“Where the waters meet” is the tagline of Timucuan Ecological & Historic Preserve tucked into a corner of northern Florida outside Jacksonville. Those waters are the Nassau and St. Johns rivers flowing into the Atlantic Ocean. This park is also a place where history and nature meet, and we found it to be a little jewel of a park that most people have probably never heard of.
We started at the Fort Caroline Visitor Center and strolled down to the recreated fort where French Huguenots established their first American colony in 1564. Local (and no longer existing) Timucua Indians contributed food and labor to build the triangular fort on the St. Johns River. The fort was no protection against the Spanish, however, who massacred most of the French a year later and largely ruled Florida for the next two centuries.
On the advice of the two very friendly and helpful rangers staffing the Visitor Center, we spent our first day hiking several looping trails in the Theodore Roosevelt section of the park. The paths wind through oak and palmetto forest, salt marsh and one extensive area with layer upon layer of oyster shells, which the Timucua piled in mounds.
The Willie Browne Trail cuts through the property owned by a man who lived in the area nearly all his life without electricity or indoor plumbing. A big fan of Theodore Roosevelt, Browne lived by Teddy’s axiom, “Do what you can, with what you have, where you are.” A year before he died in 1970, Browne donated his land to The Nature Conservancy, which later transferred it to the National Park Service to create the preserve in 1990. We thoroughly enjoyed the hike and have adopted Teddy’s quote as yet another Project 100 refrain (another one being, courtesy of my wise brother, Matt, “The only thing in life you can control is your attitude”).
Our second day we drove out to the Ribault Club, formerly a private golf club on Fort George Island and now a preserved historic site in Timucuan. We had to time our kayak outing for the day pretty carefully. We wanted to move upriver with the tide coming in and have high enough water to avoid sharp oyster shells, then return with the tide going back out, all the while beating a thunderstorm that was in the forecast for mid-afternoon. What we didn’t factor in when looking at the tide chart was the clocks changing overnight for Daylight Savings Time! (We non-clock-changing Arizona residents tend to forget about such frivolities.) As we were putting in our kayaks at the small boat launch behind the old clubhouse, a local couple told us it was already high tide, so we hurried to paddle upriver before the tide would reverse the current on us.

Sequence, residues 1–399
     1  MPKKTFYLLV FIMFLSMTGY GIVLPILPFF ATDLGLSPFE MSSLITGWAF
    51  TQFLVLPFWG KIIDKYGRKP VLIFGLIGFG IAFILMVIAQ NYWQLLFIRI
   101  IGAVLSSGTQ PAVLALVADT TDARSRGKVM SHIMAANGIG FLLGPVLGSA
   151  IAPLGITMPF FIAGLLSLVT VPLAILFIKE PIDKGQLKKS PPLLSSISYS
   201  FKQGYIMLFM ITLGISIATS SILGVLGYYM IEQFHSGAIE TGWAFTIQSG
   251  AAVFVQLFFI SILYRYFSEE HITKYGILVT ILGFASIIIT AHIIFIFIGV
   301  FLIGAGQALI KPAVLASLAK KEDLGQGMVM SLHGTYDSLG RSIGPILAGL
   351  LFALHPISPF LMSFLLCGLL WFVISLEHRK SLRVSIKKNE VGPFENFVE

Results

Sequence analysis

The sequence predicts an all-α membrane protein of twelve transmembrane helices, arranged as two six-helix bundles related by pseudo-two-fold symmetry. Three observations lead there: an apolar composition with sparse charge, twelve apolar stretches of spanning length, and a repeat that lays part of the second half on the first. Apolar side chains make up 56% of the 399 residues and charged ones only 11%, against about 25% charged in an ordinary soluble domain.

We glided past a section of salt marsh over to the historic Kingsley Plantation, keeping an eye out for sharks that a ranger had told us sometimes come upriver in high tide. We had an easy, enjoyable two-hour paddle and were able to get back to the launch site with just enough time to dry out and fold up the kayaks before a few sprinkles arrived.
Despite the gray skies, it looked like the worst of the storm was still off in the distance, so we decided to check out the Kingsley Plantation from the land side. To get there we drove through a shaded tunnel of Spanish moss-draped live oak trees that gave this patch of forest a tropical, almost eerie atmosphere.
The eerie feeling stayed with us as we toured the plantation grounds. Despite its beautiful setting, Kingsley is monument to an ugly part of American history. Zephaniah Kingsley had made his fortune buying and selling slaves, then decided to go into the Sea Island cotton business in 1814 using slaves to build the house and work the plantation. The slaves lived some distance from the main home in 32 small cabins made of tabby, a cement composed of oyster shells and sand. Interestingly, he married one of the Senegalese slaves he had bought, Anna, and had four children with her, freeing her in 1811.
It’s impossible not to incur a stomach-churning feeling of shame reading about the treatment of slaves here in the South, even on plantations like this one. Kingsley reportedly believed that he could wrest higher profits out of his operations through “kindness” to his slaves. And signage at the plantation points out that Kingsley’s wife, Anna, went on to acquire her own land and slaves. No matter how you slice it, though, any profitability that depends on the exploitation and forced labor of human beings is undeserved.
In fact, Hector has found the use of “plantation-era” rather than “slave-era” to be a curious euphemism describing this period in history in interpretive materials throughout the South. Uncomfortable feelings aside, we enjoyed Timucuan immensely and were glad that we included this interesting, almost unheard-of park on our itinerary.